Theory Of Planned Behavior To Promote Waste Recycling

Theory Of Planned Behavior

Introduction

Construction and Demolition (C&D) waste is one of the major contributors to the overall waste composition in different continents (Poon, 2007; Wang et al., 2016; Tsang et al., 2007). Although waste reduction and material reuse have been promoted via different political tools, for example, the C&D waste disposal charging scheme adopted in Hong Kong In 2005, recycling is of utmost importance in the waste management hierarchy for sustainable use of energy and resources (HK ENB, 2013). 

The recycling rate of C&D waste depends on a range of determinants such as waste management regulations (Lu and Yuan, 2010; Yuan, 2013), employee training (Poon et al., 2004; Lu and Yuan, 2010), and economic concern (Yuan, 2013; Saez et al., 2013). In addition, the attitude and behaviour of individuals toward recycling are important as revealed by factor analysis of municipal solid waste (MSW) management (Ko and Poon, 2009) and investigation of organizational variables on waste management by multilevel analysis (Taberero et al., 2015). 

A better understanding of an individual’s attitudes and behaviour is needed to devise effective strategies for nurturing the community's preference for recycling, which is critical for enhancing the recycling rate (Vermeir and Verbeke, 2006; Mont and Plepys, 2008). Although factors affecting recycling behaviour such as training and supervision within corporates have been acknowledged (Bakshan et al., 2017), the linkage between the intentions and behaviour of individuals was ill-defined in the literature. 

Intentions are the indications of how hard people are willing to try and to what level of effort they are planning to exert, which directly drive and affect one’s behaviour (Ajzen, 1991). Decision-analytical approach from a micro-structural perspective is therefore necessary for understanding the determinants.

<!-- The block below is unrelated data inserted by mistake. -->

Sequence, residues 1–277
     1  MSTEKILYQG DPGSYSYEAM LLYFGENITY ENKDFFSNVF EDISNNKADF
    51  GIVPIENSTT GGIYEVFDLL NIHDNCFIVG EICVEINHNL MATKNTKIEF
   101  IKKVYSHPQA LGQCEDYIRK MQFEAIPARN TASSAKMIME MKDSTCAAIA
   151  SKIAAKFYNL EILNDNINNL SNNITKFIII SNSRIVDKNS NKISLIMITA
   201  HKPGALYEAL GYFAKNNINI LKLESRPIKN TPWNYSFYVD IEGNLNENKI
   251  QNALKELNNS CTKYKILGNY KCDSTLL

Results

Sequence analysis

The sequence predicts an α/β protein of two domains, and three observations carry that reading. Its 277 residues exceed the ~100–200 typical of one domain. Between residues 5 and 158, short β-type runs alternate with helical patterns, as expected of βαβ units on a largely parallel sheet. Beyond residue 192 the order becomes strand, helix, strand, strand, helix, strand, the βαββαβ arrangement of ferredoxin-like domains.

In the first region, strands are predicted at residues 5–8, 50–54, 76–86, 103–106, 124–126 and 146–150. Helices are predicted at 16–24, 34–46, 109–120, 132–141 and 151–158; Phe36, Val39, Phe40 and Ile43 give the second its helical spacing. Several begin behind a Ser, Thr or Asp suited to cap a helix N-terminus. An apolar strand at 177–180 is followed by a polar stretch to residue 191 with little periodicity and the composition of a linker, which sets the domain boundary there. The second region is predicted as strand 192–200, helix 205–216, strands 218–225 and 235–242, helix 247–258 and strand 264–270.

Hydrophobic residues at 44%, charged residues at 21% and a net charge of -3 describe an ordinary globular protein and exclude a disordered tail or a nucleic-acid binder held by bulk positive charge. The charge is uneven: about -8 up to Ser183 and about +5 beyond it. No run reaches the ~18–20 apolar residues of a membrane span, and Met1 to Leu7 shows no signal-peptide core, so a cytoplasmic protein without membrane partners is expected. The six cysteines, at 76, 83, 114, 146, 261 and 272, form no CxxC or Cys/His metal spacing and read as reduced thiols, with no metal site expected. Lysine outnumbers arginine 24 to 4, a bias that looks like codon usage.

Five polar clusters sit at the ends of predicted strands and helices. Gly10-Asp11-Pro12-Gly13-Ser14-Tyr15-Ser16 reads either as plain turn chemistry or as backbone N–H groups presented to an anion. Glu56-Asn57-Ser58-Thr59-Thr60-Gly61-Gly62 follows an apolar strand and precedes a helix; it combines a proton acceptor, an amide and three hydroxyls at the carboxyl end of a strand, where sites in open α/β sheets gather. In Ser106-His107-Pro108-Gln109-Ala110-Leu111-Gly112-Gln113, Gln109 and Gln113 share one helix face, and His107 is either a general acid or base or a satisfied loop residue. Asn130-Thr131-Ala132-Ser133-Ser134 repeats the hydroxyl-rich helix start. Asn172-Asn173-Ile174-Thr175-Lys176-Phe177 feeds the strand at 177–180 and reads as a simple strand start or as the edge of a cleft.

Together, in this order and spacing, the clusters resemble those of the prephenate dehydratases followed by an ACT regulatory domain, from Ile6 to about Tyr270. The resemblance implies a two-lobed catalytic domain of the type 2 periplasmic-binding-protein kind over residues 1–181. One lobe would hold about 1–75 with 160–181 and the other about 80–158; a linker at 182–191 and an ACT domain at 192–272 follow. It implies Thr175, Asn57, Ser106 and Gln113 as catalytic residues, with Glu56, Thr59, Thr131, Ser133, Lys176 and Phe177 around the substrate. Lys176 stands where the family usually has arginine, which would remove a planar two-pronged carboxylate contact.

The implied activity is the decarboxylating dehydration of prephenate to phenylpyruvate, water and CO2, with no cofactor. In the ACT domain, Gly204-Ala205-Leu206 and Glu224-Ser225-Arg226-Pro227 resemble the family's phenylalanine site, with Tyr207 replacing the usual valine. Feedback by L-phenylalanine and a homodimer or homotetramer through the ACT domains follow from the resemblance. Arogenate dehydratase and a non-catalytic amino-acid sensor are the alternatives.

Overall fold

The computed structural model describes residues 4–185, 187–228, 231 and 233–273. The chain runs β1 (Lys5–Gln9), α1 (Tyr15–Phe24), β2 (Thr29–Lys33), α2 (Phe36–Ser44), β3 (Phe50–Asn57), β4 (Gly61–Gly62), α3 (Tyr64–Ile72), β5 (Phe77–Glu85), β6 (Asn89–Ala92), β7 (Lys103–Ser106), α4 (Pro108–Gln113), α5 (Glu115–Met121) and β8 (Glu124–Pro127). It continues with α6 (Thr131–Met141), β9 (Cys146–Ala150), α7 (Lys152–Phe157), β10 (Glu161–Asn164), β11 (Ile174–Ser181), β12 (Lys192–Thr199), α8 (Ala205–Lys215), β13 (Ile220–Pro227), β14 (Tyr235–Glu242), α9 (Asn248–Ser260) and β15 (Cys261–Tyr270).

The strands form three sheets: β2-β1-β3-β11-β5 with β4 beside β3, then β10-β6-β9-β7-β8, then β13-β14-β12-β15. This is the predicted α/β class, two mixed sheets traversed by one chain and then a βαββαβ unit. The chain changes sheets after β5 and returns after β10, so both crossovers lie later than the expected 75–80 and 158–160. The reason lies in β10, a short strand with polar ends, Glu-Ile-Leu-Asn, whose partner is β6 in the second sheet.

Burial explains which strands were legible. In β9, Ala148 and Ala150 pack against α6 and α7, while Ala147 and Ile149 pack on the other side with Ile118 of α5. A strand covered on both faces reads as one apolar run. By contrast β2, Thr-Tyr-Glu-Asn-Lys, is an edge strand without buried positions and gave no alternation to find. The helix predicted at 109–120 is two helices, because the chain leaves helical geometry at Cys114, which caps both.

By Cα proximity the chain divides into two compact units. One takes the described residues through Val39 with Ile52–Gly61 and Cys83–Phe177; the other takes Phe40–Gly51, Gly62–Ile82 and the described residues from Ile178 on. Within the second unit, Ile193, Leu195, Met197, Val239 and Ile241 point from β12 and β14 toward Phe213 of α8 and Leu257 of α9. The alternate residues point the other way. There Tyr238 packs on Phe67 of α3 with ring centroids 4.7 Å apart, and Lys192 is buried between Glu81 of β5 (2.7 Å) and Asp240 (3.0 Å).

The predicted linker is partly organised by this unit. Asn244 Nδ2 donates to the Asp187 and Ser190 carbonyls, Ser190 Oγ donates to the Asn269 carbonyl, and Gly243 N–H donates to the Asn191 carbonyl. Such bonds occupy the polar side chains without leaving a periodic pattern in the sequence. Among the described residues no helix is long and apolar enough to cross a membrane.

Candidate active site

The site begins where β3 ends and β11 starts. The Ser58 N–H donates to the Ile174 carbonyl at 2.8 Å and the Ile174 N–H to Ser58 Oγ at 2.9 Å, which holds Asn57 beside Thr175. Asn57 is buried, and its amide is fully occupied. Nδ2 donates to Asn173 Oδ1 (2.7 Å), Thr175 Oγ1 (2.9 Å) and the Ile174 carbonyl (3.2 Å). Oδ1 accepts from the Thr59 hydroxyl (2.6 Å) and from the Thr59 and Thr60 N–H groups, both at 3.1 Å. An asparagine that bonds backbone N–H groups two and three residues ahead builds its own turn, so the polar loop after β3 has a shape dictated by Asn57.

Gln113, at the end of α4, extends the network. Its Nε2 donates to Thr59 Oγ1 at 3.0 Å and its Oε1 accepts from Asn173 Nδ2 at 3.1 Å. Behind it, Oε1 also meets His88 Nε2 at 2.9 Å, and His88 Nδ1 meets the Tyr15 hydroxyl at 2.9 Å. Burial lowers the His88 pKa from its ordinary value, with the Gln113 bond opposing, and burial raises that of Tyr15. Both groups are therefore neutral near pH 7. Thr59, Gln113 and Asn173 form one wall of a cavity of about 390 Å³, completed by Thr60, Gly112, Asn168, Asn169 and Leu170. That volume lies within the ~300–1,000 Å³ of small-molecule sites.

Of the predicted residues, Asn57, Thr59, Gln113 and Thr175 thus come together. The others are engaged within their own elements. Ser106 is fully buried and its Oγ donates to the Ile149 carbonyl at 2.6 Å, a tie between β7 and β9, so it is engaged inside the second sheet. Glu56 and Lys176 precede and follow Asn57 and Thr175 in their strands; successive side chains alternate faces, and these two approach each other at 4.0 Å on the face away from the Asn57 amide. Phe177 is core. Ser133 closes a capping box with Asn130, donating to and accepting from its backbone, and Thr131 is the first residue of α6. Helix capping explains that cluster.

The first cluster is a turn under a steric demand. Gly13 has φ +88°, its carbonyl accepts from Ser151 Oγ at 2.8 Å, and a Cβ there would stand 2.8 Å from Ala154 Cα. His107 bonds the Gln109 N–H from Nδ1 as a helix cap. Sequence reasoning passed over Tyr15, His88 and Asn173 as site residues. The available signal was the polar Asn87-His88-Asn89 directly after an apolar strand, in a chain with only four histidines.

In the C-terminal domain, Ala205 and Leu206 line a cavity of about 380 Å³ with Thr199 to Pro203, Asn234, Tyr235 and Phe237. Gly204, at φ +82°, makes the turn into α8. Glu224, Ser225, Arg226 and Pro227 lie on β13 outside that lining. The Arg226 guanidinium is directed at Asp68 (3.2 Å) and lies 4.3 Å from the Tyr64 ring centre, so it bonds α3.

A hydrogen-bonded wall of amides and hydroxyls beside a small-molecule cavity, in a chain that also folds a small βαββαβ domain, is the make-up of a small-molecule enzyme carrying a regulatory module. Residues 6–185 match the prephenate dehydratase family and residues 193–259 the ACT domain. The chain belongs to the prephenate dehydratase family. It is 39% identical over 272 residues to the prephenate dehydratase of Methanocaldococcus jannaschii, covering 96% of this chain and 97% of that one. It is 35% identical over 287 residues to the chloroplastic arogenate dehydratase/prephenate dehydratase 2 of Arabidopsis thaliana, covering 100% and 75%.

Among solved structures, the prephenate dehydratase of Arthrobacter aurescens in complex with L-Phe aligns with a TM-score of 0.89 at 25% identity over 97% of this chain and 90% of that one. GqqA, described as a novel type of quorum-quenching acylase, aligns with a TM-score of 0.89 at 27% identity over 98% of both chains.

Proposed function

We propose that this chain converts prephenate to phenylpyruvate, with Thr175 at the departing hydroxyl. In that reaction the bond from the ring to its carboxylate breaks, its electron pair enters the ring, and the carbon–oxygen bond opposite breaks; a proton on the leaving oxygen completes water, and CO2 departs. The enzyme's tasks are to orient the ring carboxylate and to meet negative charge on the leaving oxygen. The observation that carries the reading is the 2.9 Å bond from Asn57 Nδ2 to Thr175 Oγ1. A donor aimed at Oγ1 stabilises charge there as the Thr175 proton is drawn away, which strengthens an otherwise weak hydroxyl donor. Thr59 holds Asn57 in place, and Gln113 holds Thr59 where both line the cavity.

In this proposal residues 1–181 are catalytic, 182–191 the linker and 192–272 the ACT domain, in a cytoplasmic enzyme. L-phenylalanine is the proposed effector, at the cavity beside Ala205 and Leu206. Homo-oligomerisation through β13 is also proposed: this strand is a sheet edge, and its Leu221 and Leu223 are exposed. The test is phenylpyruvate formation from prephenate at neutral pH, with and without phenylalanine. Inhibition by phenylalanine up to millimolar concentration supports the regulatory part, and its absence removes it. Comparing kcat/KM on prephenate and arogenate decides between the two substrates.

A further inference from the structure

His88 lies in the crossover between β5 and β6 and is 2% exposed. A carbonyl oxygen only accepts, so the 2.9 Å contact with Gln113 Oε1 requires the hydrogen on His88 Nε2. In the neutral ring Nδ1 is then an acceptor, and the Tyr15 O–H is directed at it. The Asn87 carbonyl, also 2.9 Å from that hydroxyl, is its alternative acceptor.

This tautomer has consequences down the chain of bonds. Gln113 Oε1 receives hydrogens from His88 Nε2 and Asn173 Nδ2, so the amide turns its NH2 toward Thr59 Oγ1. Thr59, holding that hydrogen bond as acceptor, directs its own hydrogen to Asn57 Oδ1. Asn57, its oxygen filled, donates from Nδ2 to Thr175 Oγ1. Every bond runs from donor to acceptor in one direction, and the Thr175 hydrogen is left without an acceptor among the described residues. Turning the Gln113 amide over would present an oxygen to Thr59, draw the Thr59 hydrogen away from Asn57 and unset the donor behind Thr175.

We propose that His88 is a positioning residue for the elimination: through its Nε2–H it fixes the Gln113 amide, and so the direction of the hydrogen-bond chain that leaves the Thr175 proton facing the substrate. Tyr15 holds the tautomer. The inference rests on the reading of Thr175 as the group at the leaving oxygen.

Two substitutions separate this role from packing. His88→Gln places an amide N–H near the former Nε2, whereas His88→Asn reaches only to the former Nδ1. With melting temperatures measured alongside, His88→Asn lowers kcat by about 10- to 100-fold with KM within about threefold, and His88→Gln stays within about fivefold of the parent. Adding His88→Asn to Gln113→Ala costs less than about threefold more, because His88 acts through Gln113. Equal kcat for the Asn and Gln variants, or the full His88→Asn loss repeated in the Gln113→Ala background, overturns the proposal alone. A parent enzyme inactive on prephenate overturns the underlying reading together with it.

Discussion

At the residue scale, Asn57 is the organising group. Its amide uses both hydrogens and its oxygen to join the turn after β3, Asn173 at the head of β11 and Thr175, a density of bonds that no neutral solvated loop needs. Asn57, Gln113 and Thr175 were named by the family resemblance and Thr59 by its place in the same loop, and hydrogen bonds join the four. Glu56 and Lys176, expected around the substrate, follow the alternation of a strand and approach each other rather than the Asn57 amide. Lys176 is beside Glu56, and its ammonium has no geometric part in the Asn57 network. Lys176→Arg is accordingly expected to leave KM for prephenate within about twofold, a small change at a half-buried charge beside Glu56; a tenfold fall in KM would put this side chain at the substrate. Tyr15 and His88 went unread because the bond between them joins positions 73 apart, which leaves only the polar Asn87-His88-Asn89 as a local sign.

2. Methodology 

Development of advanced TPB framework 

An extended TPB was proposed as the fundamental behaviour model in this study, which includes perceived costs, perceived benefits, social values, and behaviour control beliefs under the three main constructs (Attitude, Subjective Norms, and Perceived Behavioural Control) (Fig. 1). These constructs defined the questions prepared for the semi-structured interviews (Section 2.2), because pilot work that is representing our research population is necessary to explain TPB framework with appropriate respondents (Ajzen, 1991).

Semi-structured interviews with construction-related experts 

Semi-structured interviews were conducted face-to-face with eleven professionals, which represented three groups: (1) government officials (Civil Engineering and Development Department and Environmental Protection Department; including Chief Engineer, Senior Engineer, and Engineer); (2) construction-waste-related organizations (Construction Industry Council, Hong Kong Productivity Council, and Hong Kong Waste Management Association; including Principal Consultant, Assistant Director, and Chairman); (3) environmental consultants and contractors (AECOM Asia Company Ltd., ATAL Engineering Ltd., Gammon Construction Ltd., and Ove Arup & Partners Hong Kong Ltd.; including Directors, Engineer, Senior Site Administrator and Waste Management Consultant).

Questionnaire survey and statistical analysis 

A questionnaire survey with the community was then performed to investigate initiatives that determine the recycling behaviour of different stakeholders on a broader scale after conducting semi-structured interviews. Our questionnaire was established based on the comments and results from semi-structured interviews and consisted of three sections: (1) general views of respondents on recyclables application in Hong Kong; (2) detailed items related to each factor, such as scoring of the importance of recycling value of recyclables under the factor of Economic incentives; (3) demographic characteristics of respondents, including age group, relevant work experience, and occupation.

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